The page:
sage

Herbs on the Balcony

Herbs on the Balcony

Herbs are perfect for balcony gardening. They’re easy to grow, many smell quite nice, and they provide ready-to-use flavours for your meals; just harvest them right out of the containers. The selection is almost unlimited; there’s mint, chives, basil, summer savoury, dill, lemon balm, coriander, parsley, sage, rosemary, and thyme... the list goes on and on. There are a few important things to remember before cultivating herbs. For instance, most of them are quite
vigorous—especially mint, chives, and summer savoury. Because of this, I always keep each variety in its own container. Herbs should be grown in very clean soils with good drainage; high-quality potting soil is best. For basil, I recommend a soil-less mixture; there are fewer problems with disease when basil is grown in this medium. Basil is prone to a stem rot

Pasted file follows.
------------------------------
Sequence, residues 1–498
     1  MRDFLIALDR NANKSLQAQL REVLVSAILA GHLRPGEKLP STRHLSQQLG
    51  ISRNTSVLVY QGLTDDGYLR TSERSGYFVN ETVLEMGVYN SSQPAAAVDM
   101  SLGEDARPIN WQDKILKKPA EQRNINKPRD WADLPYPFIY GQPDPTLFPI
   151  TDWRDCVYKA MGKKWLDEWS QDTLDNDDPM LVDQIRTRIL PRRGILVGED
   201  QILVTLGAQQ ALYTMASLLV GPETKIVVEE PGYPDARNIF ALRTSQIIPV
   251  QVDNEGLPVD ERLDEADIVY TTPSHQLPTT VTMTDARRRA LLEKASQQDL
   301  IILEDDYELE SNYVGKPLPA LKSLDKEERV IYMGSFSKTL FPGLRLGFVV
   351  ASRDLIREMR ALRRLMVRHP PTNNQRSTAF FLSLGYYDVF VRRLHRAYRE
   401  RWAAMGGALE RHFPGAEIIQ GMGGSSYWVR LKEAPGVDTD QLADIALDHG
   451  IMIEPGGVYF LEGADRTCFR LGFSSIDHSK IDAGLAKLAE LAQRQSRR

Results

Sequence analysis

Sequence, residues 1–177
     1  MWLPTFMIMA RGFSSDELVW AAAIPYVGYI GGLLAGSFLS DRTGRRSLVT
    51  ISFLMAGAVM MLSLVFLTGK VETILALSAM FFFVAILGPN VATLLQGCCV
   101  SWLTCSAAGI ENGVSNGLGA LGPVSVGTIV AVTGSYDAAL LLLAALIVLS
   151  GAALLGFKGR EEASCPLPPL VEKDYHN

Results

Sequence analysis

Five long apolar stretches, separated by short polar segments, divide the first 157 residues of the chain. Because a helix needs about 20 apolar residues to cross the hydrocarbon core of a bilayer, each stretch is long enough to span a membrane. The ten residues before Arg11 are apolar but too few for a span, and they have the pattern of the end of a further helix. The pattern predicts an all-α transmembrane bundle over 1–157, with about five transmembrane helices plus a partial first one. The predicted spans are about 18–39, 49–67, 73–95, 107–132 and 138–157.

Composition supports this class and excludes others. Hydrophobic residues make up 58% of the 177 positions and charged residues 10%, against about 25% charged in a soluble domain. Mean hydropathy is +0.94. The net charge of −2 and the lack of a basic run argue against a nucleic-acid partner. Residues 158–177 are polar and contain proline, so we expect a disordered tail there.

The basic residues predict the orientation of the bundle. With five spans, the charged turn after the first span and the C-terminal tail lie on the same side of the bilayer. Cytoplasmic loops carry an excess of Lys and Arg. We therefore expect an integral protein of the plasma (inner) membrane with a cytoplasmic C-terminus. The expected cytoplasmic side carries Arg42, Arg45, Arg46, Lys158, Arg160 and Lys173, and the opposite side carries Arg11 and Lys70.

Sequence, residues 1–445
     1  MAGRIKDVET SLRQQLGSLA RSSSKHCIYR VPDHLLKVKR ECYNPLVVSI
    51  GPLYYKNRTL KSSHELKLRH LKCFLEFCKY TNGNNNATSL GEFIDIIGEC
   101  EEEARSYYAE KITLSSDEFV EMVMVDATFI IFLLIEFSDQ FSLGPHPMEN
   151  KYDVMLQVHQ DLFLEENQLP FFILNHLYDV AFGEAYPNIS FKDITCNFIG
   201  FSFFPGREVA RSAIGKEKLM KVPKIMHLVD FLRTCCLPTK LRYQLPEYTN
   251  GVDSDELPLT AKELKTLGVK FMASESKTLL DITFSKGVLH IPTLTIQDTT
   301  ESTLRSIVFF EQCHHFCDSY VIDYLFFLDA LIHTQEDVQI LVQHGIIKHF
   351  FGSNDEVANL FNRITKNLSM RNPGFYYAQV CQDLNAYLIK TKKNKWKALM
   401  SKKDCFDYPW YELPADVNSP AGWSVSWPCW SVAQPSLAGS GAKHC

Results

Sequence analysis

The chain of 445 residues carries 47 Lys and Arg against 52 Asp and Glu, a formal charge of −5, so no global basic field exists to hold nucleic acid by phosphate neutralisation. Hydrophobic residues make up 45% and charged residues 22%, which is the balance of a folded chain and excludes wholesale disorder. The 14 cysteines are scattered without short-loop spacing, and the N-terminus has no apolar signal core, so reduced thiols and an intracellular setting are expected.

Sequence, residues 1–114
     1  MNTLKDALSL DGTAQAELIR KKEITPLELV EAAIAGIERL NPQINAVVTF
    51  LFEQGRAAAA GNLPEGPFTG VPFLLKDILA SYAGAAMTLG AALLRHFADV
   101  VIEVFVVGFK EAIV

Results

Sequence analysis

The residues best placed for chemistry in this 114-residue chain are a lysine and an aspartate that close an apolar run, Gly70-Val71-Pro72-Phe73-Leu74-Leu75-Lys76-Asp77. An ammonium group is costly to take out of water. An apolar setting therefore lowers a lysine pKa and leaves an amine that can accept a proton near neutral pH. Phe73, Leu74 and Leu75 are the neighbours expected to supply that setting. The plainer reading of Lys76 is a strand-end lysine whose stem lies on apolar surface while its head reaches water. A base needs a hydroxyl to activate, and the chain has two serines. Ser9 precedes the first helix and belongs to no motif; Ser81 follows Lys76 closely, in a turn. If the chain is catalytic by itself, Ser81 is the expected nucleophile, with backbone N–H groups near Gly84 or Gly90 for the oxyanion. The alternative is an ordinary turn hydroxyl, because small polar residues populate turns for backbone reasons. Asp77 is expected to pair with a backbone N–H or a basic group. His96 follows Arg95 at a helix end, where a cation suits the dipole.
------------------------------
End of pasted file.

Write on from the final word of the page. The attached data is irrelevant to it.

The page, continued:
that garden soils can encourage; clean soil can help prevent this occurrence.

To get the best herbs, I fertilize them with 20-20-20 once every two weeks. Of course, I keep my watering consistent to promote strong, even growth and to inhibit disease. Adding rich compost to the soil gives herbs (except basil!) a real boost, as well.